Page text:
This vintage video is the best Black Widow spider explainer in the entirety of the Internet

Originally published at: This vintage video is the best Black Widow spider explainer in the entirety of the Internet | Boing Boing


I wish there’d been some mention of entomologist William Baerg who studied the effects of the Black Widow bite by getting one to bite him.

Admittedly I always feel compelled to add don’t try this at home or anywhere else, and I’m glad the video doesn’t sensationalize or treat these spiders as villains or even a threat but a valuable part of the natural world.


I picked pumpkins as a teenager for a little extra cash and quickly found that the creepy critters love living under pumpkins. Their association with Halloween is strong to me.


So there’s the joke about two fish hanging out chatting, when a third swims by and says, “Morning boys, how’s the water?” and after that fish leaves one fish turns to the other and says, “What the hell is ‘water’?”

And yet… those spiderlings born into a big sac, knowing nothing but the sac and its world, know to escape the sac. If hunger motivates them to leave, then why not canabalise one another? What prevents them from eating one another? What informs them that the solution to their hunger problem lies outside in a world they don’t know exists?

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gahhhhh, black widows are the only spider i kill. it’s with a tad of reluctance, because i hate killing things, but omg they are the WORST.


I was a wanna be entomologist / arthropologist when I was 8 (at 12 I dedicated myself to myrmecology – ants), so I carefully researched what I could about black widows, genus Latrodectus.

The claim that black widow venom is more powerful than rattlesnake venom is true, but a black widow produces far less venom that a rattler (and the rattler in turn uses a fraction of its venom in self-defense that it does on its prey for obvious reasons). The illness caused by a widow bite is called latrodectism and it’s pretty awful, but most people recover from it after a couple of weeks. I think that brown recluse venom is far worse as it necrotizes any skin and muscle tissue it comes in contact with.

My one takeaway from my early interest in arthropod behavior is just how much built-in, instinctive behavior can be crammed into a brain and nervous system smaller than a little dot → ·

The solution is that through some careful evolution, widow spiderlings are born roughly the same size, and are not in a position to over-power and eat each other.


Obviously there’s an infinitude of examples of amazing instinctive behaviors of newborns, but my mind immediately goes to cuckoos, whose first act (while still blind, and using their backs) is to push all the other eggs out of the nest.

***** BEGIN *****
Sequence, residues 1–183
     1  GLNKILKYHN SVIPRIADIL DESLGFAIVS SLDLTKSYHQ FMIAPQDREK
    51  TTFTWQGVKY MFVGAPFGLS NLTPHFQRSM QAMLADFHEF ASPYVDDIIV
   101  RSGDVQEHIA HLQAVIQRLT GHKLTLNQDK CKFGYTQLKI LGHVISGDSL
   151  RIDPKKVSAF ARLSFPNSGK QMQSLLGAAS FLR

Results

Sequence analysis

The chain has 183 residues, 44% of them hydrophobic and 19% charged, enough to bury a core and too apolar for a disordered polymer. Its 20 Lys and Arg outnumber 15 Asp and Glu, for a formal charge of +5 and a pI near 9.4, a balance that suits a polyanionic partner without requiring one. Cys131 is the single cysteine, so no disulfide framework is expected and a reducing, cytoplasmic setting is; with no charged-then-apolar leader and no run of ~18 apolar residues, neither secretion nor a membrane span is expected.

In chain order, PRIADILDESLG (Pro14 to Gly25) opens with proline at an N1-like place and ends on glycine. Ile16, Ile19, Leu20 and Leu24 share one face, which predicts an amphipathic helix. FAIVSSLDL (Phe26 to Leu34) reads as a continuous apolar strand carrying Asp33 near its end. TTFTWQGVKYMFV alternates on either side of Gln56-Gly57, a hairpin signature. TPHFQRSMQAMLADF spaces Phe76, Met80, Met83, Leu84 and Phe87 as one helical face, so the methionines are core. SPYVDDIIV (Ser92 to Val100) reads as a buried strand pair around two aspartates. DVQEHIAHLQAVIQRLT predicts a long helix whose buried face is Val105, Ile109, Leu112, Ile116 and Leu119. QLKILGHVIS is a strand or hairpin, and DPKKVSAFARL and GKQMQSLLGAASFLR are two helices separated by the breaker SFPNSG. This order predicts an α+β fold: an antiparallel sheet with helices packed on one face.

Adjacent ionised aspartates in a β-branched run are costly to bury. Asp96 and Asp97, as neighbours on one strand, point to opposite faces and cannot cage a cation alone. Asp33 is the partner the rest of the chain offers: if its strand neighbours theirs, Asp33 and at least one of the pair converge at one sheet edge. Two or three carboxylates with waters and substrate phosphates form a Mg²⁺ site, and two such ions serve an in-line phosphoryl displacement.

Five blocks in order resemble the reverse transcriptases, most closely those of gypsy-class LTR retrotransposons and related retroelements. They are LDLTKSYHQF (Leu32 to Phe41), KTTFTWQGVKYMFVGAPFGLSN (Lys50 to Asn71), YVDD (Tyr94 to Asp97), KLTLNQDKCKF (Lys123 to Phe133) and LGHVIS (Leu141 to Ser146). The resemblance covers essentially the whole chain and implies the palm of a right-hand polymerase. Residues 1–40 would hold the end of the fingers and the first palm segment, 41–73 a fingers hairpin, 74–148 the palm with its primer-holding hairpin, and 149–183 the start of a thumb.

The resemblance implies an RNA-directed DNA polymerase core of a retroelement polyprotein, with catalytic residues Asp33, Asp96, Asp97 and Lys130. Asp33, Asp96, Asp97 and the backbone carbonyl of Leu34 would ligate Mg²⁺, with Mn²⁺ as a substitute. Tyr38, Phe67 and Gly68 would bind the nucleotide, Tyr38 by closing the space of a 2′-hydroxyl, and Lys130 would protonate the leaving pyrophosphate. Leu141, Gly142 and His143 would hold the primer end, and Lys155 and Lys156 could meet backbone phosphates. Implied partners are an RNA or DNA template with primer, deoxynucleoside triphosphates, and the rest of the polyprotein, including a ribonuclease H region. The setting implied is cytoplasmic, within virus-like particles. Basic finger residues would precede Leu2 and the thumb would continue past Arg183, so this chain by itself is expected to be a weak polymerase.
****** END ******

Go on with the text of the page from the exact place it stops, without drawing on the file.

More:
I lived in Ontario, about an hour’s drive inland from El Lay, Coliforniyah in the early 90s. My BF told me about one of his encounters with a widow. (He was a pathological liar, but his mom confirmed this story.) He was playing tennis at a nearby public court, when he sat down against the back fence to take a break and drink some soda.

A widow took serious umbrage at such behavior, charged him, and bit him. He was rushed to the hospital, where he spent three weeks, and during the first week they weren’t sure he’d survive.

I have always been terrified of spiders, so much so I think somebody musta murdered me with them in a past life.

My BF, his best friend, and I were cleaning my BF’s house one day, and I found a widow in a web in the sun room. I grabbed a shoe, summoned all my courage, and successfully smashed the nasty thing. When I told the guys, who were well aware of my phobia, they applauded, congratulated, and thanked me for my service and immense bravery.


i will add that in addition to my black widow assassinating tendencies, i also include brown recluses, but i (to my knowledge) never see them. i don’t think they live in N. Nevada. but when i was a kid in Denver, my mom was bitten by a brown recluse. the pain and the medical nightmare from that was… quite scary and educational to a young me.


I love black widows. They’re everywhere around here, so killing them doesn’t much good. Remove one and another, likely bigger one will show up. I make a note of where the webs are and avoid them. I’ve also been very careful around educating my kid about them, as well. She knows to look, but not touch or get too close.

Frankly, I’m way more afraid of the giant house spiders we get here.

The Widows are plentiful and easy to find here in central OK. I taught the kids about their habitat and how to recognize their web. The strength of the strands gives the web a surprising resistance when encountered, and makes a sharp crackling noise when torn. I took some photos of a particularly spectacular deployment and its artist in residence some years back. It is amazing how they can quickly navigate that mess. Without it, they are comparatively slow and unwieldy.


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